• What is their background
    • Research the publication
        • Is this a tier one, tier two or tier three media outlet
        • What is the audience (agents, customers, employees)
    • Determine the appropriate spokesperson
        • Are you the expert
        • Is there someone else that is more appropriate for the topic or audience of the publication
    The 4-Step Interview Process
  • 16. The 4-Step Interview Process
    • Preparation
    • Analyze the reporter’s request to further your own communications objectives by writing down:
      • 2 – 3 key messages you want to convey
      • 2 – 3 difficult questions you’re likely to face and how you would answer them
    • Get your surroundings ready
      • Reserve a space for the interview where you won’t be interrupted
      • Gather any supporting materials or relevant press information
    • Get yourself ready
      • Rehearse key messages, particularly if this is for a broadcast interview
      • Review statistics, dates or other information you want to convey
      • Take a deep breath
  • 17.
    • The Interview
    • Avoid:
    • Hallway interviews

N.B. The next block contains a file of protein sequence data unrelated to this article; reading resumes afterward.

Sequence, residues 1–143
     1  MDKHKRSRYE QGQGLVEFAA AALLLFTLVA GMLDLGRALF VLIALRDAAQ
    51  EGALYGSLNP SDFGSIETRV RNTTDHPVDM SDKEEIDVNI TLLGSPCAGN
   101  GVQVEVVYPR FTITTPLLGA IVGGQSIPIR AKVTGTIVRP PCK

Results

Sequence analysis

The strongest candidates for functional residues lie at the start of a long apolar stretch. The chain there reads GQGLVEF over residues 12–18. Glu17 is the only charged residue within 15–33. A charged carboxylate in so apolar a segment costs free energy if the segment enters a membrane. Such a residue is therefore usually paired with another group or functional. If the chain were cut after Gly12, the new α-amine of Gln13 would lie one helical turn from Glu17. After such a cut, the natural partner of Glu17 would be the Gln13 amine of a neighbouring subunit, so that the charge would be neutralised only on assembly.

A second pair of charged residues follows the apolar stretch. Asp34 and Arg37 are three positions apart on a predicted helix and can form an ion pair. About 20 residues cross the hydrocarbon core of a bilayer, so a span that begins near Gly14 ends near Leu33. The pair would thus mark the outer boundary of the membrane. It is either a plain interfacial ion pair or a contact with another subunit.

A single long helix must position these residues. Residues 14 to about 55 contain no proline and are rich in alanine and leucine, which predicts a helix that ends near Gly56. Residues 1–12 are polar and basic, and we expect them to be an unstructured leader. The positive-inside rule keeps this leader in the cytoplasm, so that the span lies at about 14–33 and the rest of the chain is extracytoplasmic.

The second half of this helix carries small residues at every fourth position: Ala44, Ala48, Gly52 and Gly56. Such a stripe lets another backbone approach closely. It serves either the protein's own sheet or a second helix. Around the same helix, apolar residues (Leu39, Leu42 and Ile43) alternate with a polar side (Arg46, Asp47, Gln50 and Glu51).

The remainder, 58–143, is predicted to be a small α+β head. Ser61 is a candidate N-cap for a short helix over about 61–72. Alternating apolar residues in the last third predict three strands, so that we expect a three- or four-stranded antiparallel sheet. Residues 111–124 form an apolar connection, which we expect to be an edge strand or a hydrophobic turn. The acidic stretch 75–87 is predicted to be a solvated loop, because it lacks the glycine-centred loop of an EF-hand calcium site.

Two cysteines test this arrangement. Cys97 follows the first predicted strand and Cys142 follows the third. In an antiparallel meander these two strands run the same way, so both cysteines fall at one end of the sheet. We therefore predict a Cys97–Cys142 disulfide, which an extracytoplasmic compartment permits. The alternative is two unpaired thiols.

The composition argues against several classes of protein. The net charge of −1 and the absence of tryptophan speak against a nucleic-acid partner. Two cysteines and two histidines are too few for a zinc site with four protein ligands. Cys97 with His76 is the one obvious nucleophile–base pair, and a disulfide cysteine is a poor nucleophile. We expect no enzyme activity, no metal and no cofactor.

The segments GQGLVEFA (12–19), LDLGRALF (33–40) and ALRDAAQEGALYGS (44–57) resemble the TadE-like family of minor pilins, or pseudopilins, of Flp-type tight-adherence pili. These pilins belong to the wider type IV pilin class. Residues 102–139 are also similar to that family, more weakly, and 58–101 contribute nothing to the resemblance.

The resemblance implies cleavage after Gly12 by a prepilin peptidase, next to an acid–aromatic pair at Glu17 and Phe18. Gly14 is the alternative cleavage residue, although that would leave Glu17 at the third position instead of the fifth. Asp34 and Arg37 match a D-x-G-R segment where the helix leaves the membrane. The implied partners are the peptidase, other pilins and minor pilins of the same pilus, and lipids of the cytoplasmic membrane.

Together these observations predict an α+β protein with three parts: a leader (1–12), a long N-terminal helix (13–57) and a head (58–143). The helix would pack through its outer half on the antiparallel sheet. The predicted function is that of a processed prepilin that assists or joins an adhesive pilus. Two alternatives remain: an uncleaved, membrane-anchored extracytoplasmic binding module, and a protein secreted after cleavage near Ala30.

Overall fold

• Lunch interviews
    • Interview during happy hour or over cocktails
    • Interviews during private events
    • Do:
    • Set ground rules up front
    • Outline any topics that are off-limits
    • Communicate any time constraints up front
    The 4-Step Interview Process
  • 18. The 4-Step Interview Process
    • A good answer:
    • States or restates the question
    • Gets right to the point
    • Is conversational and sincere
    • Uses relevant facts, figures and names
    • Doesn’t use industry jargon
    • Is informational, not promotional
    • Uses visuals to clarify a point, as available
    • Is truthful
        • If you don’t know, say so.
        • If you make a mistake, correct it.
        • Never speculate.
        • Don’t lie.
  • 19. The 4-Step Interview Process
    • Positive Vs. Negative Language
    • Word choice during an interview can be critical in helping to ensure your words don’t get misquoted or your thoughts misrepresented.
    • Avoid negatives, absolutes and statements that place blame
    • Choose positive, more flexible words and statements
    • Use power words that describe action or invoke emotion/feeling
    Valuable Lessons Mistakes Differences Faults Unwise Bad Could have Should have Seldom Never Often Always Situation Problems Instead use… Avoid…
  • 20. The 4-Step Interview Process